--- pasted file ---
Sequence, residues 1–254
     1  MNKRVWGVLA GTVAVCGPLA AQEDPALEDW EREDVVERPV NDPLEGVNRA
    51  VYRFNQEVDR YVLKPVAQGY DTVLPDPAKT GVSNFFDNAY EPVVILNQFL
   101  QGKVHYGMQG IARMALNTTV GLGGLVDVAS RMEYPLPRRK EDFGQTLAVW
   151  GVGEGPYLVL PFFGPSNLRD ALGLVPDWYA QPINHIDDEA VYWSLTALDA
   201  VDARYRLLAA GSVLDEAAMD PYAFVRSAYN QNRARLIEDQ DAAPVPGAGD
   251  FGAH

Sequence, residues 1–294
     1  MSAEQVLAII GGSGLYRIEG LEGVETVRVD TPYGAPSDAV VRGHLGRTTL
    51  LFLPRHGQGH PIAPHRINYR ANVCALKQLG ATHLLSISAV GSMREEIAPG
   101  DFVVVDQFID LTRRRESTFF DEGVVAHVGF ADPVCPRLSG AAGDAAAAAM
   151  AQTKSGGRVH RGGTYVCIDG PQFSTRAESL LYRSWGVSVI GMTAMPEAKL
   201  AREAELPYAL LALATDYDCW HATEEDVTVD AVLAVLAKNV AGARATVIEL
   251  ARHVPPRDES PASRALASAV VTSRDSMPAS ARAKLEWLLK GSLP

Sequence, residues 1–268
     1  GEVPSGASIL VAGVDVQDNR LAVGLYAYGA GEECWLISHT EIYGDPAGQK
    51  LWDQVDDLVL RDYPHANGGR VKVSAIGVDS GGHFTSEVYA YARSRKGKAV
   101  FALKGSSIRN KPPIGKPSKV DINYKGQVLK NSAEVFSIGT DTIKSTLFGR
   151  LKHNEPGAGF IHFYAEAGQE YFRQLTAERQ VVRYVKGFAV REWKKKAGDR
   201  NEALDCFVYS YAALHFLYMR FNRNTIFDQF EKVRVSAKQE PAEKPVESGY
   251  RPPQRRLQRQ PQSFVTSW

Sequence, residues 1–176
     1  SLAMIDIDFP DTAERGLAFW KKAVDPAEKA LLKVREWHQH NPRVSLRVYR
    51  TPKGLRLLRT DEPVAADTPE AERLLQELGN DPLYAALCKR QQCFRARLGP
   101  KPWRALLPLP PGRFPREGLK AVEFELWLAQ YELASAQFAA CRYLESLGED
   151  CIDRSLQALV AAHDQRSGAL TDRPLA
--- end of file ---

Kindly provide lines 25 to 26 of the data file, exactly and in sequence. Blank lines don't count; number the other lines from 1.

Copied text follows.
   101  KPWRALLPLP PGRFPREGLK AVEFELWLAQ YELASAQFAA CRYLESLGED
   151  CIDRSLQALV AAHDQRSGAL TDRPLA